Megadeals are transforming the Entertainment, Media and Communications Sector. Here’s how.

September 23, 2016

By Gregg Nahass, Tom Rooney, Paul Kennedy, and Lori Bistis

Over the past five years the business models in the Entertainment, Media and Communications (EMC) sector have been upended, paving the way for new EMC players to enter the industry that were traditionally technology companies.

total-megadeal-value-by-year-1Not too long ago, the boundaries between content creation, content aggregation, and content distribution were clear in the EMC sector, with well-defined business models. But technology innovations, particularly the shift to digital, are rapidly and radically changing consumer behavior by allowing consumers to tap into content on demand.

Increasingly, consumers are cutting cords with traditional cable companies and paying for content directly from the packagers or content providers, cutting out distributors who are responding by offering consumers slimmed down, cheaper subscriptions tailored to their tastes. This fundamental shift in consumer behaviors has accelerated the industry’s race for content since anyone on the value chain can now reach the end customer.

total-number-of-megadeals-by-year-1In response, major media companies have made multiple megadeals over the past several years and are beginning to blur the lines between traditional sub-sectors. To get a handle on the megadeal universe, we analyzed representative EMC megadeals (which we defined as those where the target/acquired business was an EMC company) of at least $1 billion in size that were initially announced from 2011 through June 2016. We found 90 such transactions worth a combined $624 billion1.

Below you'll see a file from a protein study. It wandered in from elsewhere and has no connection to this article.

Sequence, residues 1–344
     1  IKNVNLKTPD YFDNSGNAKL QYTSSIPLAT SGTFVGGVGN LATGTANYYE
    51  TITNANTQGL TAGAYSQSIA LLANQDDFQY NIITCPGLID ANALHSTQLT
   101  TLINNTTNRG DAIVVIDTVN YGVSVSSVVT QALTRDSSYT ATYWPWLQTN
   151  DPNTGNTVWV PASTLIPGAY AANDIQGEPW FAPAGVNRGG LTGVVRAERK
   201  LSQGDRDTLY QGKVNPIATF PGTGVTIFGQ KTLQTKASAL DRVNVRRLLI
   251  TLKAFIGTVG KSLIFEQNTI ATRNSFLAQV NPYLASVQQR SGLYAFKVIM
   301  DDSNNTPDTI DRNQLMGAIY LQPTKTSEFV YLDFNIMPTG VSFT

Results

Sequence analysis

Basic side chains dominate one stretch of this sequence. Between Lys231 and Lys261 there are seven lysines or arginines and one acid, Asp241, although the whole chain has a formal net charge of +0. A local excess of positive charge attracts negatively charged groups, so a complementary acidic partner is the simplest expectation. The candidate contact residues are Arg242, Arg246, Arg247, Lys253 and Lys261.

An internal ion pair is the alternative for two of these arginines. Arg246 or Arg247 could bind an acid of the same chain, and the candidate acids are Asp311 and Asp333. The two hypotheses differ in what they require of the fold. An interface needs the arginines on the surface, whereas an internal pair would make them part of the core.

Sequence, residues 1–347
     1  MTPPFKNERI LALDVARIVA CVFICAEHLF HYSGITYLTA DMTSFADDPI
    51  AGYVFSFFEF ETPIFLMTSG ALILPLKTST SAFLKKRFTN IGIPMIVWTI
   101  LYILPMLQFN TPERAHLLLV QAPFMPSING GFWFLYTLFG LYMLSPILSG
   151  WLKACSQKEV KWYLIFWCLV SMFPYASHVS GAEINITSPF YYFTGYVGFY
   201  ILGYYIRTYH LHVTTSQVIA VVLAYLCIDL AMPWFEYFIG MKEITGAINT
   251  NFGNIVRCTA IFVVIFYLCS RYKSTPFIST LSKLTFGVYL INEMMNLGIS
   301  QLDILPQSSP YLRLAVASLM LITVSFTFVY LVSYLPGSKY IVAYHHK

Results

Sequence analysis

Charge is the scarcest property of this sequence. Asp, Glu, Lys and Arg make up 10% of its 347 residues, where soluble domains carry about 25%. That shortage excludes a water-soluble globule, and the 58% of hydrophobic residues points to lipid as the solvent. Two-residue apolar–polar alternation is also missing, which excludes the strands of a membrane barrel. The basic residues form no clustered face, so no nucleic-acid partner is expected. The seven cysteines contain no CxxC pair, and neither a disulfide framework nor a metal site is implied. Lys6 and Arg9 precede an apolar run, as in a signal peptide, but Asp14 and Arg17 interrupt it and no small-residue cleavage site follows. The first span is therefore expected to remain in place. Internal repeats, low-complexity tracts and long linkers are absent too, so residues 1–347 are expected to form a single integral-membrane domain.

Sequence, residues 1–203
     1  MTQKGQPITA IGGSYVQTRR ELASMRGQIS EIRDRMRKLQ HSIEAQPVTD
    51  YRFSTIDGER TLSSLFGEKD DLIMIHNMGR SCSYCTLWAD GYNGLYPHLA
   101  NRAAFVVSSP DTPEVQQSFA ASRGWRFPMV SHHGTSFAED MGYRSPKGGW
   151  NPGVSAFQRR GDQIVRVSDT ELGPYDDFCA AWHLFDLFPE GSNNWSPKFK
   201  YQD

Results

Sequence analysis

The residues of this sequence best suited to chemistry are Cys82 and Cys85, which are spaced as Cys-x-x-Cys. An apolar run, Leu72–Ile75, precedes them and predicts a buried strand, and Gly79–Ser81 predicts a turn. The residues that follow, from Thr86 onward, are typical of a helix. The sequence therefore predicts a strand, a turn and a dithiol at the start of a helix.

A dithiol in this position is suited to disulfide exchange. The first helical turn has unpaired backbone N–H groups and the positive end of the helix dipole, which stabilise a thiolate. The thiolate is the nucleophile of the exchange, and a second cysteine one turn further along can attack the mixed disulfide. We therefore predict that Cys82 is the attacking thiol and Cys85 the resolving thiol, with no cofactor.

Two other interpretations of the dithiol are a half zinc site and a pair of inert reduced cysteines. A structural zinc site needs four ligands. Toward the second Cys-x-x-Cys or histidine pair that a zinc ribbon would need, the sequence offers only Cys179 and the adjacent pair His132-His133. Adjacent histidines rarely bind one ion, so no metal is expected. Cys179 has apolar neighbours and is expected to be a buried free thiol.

We categorized each deal, across all subsectors, into four primary deal types and motivating factors:

consolidation-1Consolidation. Consolidation deals are the most common, accounting for more than two-thirds of megadeal value in the EMC sector. These deals often involve competitors, value chain participants or companies with closely adjacent products and overlapping customers. The goal is to unlock value by cutting costs and improving efficiencies. Consolidation deals tend to be relatively successful as the companies know each other well and the synergy potential is significant and usually obvious.

Capabilities Extension. These deals are the second most common, accounting for 20 percent of deal value from 2011 – 1H 2016. Capabilities Extension deals typically involve two large, mature companies. The buyer is usually aiming to scale up and is seeking new products, new talent or new customers in a large, tangential market where it doesn’t already possess the capabilities to compete.

Innovation. These deals typically involve a large, mature company that acquires a smaller, recent start-up to bring new technology or a block of customers into the business to create or enhance competitive advantage. Innovation deals, which are a specific type of capabilities extension, command a high value but are smaller and less complex from an organizational standpoint.

Content. These acquisitions are designed to enhance the content portfolio of a media company. The broadcasting subsector is particularly focused on content acquisition to combat declining revenue.

motivating-factors-for-emc-megadeals-1With more deals of this nature on the horizon, we expect that over the next three to five years the delineation between these sub-sectors may continue to blur and perhaps even fade. We shall see.

Check out the full report to dig deeper into the research. Be on the lookout for our next post which will provide actionable strategies for avoiding typical megadeal pitfalls and achieving game-changing M&A.

If you’d like to discuss the research with our team, please connect with one of the authors on LinkedIn for more information: Gregg Nahass, Tom Rooney, Paul Kennedy, and Lori Bistis.


1Capital IQ, Reuters


Colin Wittmer

Deals Leader, PwC US Email

Curt Moldenhauer

Deals Solutions Leader, PwC US Tel: +1 (408) 817 5726 Email: